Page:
The research, which is published in the journal Scientific Reports, was funded by the Medical Research Council (MRC), the EU and Wessex Medical Research. The research also involved Professor Hugh Perry from the Centre for Biological Sciences at the University of Southampton and Professor Fehse and Dr Riecken from the University of Hamburg, Germany.

Sapphires occur in nearly every color in the rainbow, but red, since red being the domain of the ruby. Color varieties of sapphire are referred to as “fancy colored sapphires.” The most valuable  fancy sapphire is an orange-pink or pinkish-orange variety called “padparadscha” after the lotus blossom. Other very popular shades of fancy sapphires are yellows, bright oranges, lavenders and purples, and a bluish green color. Colorless or white sapphires are sometimes used as diamond substitutes.

Sapphire has long symbolized truth, sincerity, and faithfulness. Tradition holds that Moses was given the ten commandments on tablets of sapphire, making it the most sacred gemstone. Because sapphires represent divine favor, they were the gemstone of choice for kings and high priests. 

Shine bright like a diamond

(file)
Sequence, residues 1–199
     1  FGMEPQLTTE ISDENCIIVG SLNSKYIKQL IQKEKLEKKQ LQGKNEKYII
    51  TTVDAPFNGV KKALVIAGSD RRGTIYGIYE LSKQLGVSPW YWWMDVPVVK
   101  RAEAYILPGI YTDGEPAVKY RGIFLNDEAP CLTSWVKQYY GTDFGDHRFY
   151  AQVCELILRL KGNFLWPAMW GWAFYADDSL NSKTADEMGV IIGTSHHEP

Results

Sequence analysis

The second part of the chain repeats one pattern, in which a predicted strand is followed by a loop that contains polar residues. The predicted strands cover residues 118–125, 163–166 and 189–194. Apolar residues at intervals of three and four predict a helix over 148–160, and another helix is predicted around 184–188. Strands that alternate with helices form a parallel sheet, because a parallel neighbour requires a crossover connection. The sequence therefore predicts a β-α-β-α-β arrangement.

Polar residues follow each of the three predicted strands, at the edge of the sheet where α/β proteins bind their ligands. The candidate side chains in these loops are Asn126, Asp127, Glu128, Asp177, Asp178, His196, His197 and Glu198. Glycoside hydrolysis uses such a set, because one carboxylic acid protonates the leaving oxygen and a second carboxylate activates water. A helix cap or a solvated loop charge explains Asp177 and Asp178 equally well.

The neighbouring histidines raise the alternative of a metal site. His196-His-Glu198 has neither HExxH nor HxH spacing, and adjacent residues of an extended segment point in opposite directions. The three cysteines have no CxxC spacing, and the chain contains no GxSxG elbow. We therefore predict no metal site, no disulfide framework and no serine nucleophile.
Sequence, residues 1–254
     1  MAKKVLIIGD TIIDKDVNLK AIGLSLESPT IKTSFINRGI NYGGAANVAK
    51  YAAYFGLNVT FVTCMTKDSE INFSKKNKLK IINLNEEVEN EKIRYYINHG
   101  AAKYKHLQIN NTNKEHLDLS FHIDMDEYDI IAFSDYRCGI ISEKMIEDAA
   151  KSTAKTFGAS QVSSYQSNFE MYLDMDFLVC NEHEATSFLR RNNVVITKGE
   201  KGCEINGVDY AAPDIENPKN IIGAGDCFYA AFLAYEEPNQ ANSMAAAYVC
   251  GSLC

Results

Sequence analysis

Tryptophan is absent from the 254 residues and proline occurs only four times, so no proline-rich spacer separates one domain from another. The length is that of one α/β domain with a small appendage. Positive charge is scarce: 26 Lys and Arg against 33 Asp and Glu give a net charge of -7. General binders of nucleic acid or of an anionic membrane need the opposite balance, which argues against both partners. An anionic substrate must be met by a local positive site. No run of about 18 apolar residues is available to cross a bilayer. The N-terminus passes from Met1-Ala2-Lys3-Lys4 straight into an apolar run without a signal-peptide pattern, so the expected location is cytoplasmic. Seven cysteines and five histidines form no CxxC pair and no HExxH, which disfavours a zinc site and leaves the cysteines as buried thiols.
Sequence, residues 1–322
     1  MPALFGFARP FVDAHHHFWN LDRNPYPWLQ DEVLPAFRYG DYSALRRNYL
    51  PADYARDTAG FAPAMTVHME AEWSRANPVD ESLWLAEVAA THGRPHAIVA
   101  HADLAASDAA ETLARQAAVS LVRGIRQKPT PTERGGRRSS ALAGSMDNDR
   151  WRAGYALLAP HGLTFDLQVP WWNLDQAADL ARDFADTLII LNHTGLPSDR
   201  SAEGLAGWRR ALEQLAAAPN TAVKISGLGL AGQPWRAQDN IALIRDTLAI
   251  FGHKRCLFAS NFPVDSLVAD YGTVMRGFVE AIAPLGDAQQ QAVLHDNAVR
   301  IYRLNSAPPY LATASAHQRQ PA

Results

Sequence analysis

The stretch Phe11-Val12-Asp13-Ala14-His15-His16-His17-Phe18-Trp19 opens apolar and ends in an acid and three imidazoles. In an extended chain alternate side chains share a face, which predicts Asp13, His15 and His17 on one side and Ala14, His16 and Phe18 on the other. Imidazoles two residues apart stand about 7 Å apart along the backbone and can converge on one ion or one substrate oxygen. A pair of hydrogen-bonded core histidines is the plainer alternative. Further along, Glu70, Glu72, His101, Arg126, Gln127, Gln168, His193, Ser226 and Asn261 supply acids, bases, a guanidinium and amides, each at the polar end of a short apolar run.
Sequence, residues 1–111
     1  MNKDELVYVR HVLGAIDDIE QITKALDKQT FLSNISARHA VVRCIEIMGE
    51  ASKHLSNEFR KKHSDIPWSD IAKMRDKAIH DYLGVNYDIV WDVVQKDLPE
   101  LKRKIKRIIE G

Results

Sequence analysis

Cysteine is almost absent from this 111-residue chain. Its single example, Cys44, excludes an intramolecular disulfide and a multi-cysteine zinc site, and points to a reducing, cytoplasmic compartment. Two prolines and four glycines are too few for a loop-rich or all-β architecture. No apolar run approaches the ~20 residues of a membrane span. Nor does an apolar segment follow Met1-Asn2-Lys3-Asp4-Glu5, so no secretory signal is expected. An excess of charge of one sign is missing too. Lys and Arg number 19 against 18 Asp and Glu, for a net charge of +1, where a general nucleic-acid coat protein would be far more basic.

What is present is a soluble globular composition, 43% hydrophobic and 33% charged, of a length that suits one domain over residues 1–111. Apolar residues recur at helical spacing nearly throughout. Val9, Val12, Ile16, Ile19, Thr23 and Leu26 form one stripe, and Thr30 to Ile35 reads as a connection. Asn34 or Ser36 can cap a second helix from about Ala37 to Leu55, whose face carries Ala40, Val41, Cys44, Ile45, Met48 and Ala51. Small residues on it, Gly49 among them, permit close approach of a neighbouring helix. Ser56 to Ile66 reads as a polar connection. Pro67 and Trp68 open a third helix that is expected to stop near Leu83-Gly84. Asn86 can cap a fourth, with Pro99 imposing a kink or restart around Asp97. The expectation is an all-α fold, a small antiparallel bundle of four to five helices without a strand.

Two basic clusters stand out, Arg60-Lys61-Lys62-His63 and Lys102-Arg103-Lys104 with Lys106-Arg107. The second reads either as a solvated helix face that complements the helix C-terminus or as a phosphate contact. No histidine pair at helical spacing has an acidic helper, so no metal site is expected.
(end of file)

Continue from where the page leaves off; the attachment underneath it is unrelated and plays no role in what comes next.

Hard, bright, white and not a diamond. Introducing Phenakite, one of the brightest of the colorless gemstones with a hardness of 7-5 - 8, it is an exceptionally white gemstone. Its name is derived from the Greek word ‘phenakos’ meaning deceiver. A name acquired because of its close similarity to quartz, especially rock crystal. Indeed, phenakite was initially thought to be a variety of quartz, but its crystal twinning is distinct. It has also been confused with diamond, sapphire, topaz and beryl. 

Color change gemstones

Most gemstones show some color shift under different light conditions and this is always apparent when we change between incandescent, fluorescent, and daylights for photographing different kinds of gemstones. And when we visit gem shows, we always see a variety of lights that dealers use to make their gemstones look their best.  But few stones actually show a dramatic change in color as a result of exposure under different kinds of lighting environments.

The most important of these is of course alexandrite.  Chrysoberyl is the species name and alexandrite is the variety name. Alexandrite is that variety of chrysoberyl that changes color as a function of the light source; green in daylight and red under incandescent light.

Several other well known gemstones, including diasporesapphiregarnet and spinel may also change color as a function of the light source but the color change of top alexandrites is distinctive and attractive under any light conditions.

Spinel sometimes show a blue to violet color change but the change is usually weak and the stones never look like alexandrite. Occasionally, we’ll find a spinel with a strong color change and we once had one that showed and impressive change from red to blue.